Critical Essay on Dusklands
None other of J. M. Coetzee’s works except for his first novel, Dusklands, consist of two separate works combined to create a whole. One might argue that this was done haphazardly or with only a weak link connecting the pieces. The works, after all, take place in two separate countries, at two separate times. The protagonists live in very disparate circumstances and come to terms with their personal challenges in very dissimilar fashions. But the connections between the two separate parts of this book do take form. Similarities between the protagonists’ personalities and their situations are evident. Themes that appear in one story are reflected in the other. And the actions and motives of both protagonists can be defined in relatively parallel details. After exploring these traits of what at first appear to be two unrelated tales, it is difficult to see this novel as anything but a cohesive project.
The protagonist of the first novella, Eugene Dawn, is a rather meek person, living in a quiet environment. He spends most of his life in the library or in a lonely corner of his drab office. His work entails the intellect but little physical exertion and no travel. Immediate danger to his body is nonexistent. In opposition is the protagonist of the second novella, Jacobus Coetzee, the tamer of the wilds; the elephant hunter; the macho slave master—a man who lives in danger of physical harm almost every day of his life. The former lives in the twentieth century in a quiet, modern town, where he ponders war but has little to do with it. In contrast, Jacobus lives two hundred years earlier in a time of colonial expansion, which demands that in order to survive, one must live by one’s wits and superior physical conditioning. So how do these two men relate to one another? Where and how do their personalities connect? What could they possibly have in common?
One of the first and possibly most evident characteristics these protagonists share is their isolation. Eugene, although married and a father, demonstrates very slim, if any, emotional involvement with his family. He admits that he is addicted to his marriage, but he also states that he is not in love with his wife. She is an annoyance to him. The only time he is slightly attracted to her is when Eugene believes she is having an affair with her doctor. It excites him to think that another man might be enamored of his wife, or at least physically lustful of her. And Eugene’s relationship to his son is even more flimsy. The boy belongs to his wife, as far as Eugene is concerned. Although he kidnaps Martin, he spends very little time actually communicating with him and more often complains that the boy is a young child who craves attention. Away from home, Eugene has very little contact with the people around him. And when he does meet with fellow employees, it is more often in silence. He listens to his supervisor but has little to say to him, even though the dialogue in his head is enormous. Of all the people around him, it is the quiet, mouse-like figure of Harry, the clerk in the library that Eugene relates to the most. And this relationship is fleeting, at best. Eugene is so busy, and therefore so distracted, in analyzing everyone around him, trying to figure out how he either fits into the equation or second-guessing how others perceive him that he devotes little time to actually sharing anything with the people around him. He is isolated by his fear and his lack of confidence. He lives inside his head in a tiny room that becomes more and more distorted.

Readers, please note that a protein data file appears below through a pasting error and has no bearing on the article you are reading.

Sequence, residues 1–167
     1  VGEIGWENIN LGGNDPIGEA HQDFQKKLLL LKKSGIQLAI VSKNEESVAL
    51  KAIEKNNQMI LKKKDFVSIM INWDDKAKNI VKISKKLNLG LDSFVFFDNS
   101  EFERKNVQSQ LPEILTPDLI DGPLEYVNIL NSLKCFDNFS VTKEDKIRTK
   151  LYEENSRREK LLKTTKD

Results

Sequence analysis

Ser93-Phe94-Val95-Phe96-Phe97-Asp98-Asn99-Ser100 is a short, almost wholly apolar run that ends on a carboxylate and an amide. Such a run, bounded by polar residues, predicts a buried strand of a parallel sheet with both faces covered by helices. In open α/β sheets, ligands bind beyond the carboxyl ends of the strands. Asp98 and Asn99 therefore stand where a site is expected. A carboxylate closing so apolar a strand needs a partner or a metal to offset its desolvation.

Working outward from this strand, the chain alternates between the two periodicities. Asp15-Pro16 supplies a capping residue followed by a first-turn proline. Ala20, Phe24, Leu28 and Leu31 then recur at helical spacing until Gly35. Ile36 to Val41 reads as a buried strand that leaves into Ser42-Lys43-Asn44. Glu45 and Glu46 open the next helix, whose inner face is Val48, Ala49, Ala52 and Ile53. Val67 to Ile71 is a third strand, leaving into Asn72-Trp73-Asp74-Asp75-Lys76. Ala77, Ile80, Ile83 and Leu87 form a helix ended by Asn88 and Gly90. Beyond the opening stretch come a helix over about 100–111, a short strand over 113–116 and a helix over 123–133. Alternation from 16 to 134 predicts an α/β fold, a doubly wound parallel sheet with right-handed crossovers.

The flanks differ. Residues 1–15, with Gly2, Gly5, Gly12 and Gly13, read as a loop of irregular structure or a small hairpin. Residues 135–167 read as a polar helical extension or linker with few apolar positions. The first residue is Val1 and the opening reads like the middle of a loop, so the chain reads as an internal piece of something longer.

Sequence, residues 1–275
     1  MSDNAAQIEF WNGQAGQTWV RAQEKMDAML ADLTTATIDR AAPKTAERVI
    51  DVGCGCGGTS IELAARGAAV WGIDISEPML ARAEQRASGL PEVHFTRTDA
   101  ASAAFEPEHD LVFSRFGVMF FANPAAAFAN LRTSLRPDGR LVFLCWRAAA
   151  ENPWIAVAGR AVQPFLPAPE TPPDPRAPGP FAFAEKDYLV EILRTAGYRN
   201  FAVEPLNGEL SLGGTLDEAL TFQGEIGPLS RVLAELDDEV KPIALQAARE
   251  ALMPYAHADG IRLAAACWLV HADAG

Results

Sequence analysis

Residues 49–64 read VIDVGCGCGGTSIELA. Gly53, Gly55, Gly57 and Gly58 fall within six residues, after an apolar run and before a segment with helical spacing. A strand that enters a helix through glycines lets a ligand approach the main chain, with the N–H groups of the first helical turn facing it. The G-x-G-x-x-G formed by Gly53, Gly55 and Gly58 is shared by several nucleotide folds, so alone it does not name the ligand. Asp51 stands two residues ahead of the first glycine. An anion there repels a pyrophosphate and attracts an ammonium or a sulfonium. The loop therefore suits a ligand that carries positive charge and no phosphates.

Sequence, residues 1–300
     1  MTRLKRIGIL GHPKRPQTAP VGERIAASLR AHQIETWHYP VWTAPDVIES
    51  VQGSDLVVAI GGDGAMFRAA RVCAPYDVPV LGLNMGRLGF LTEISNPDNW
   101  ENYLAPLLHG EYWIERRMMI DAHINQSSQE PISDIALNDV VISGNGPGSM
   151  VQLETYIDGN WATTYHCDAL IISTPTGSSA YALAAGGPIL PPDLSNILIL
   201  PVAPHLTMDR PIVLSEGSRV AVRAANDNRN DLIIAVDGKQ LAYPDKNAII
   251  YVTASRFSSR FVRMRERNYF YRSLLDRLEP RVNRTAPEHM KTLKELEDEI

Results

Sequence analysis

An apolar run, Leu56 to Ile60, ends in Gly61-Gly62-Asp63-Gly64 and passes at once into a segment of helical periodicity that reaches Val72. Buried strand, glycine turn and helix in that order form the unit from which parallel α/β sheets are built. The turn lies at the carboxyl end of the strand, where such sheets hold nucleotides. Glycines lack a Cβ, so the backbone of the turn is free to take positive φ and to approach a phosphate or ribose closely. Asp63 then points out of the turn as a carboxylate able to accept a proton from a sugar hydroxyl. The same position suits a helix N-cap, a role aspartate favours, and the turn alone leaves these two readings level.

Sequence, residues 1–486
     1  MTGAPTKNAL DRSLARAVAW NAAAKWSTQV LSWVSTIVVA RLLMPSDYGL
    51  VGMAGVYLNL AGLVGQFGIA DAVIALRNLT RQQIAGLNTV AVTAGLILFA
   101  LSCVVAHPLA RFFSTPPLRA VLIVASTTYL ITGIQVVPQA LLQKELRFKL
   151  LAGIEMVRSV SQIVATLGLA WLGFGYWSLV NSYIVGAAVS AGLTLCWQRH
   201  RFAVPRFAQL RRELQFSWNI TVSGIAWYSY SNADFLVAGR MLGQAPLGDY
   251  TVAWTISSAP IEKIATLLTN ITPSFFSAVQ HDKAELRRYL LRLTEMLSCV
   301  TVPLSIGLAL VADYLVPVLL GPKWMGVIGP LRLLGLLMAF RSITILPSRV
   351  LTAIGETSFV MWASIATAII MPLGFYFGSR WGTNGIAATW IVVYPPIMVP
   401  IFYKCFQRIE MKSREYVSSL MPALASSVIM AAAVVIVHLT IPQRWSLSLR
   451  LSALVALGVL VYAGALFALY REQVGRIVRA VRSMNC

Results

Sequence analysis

Although Jacobus, unlike Eugene, appears to have little fear and enough self-confidence to believe that no matter what life-threatening circumstances he might find himself in, he can turn it into a game of possibilities and become excited by the challenges, he too lives in a very isolated world. Not only does he live in a place that he refers to as having limitless boundaries, a place where one can walk for days and never see another human being, he also, like Eugene, lives inside of his head. The room he lives in is also very narrow and distorted. Because of the life-threatening challenges that Jacobus faces every day, he has come to believe that he is superior to those around him. He faces death on a continual basis and eludes it. He has survived because of his outstanding intellect, he concludes. Others perish in front of him, because of their stupidity or lack of perception. Like Eugene, Jacobus has no friends. The people around him are merely tools that he uses to get what he wants or needs. He has no one to talk to. The one time he attempts to talk to Klawer, one of his workers, Jacobus dismisses the man’s responses as trivial. No one understands him, or so Jacobus believes. If given a choice (which he is given,...
(The entire section is 1949 words.)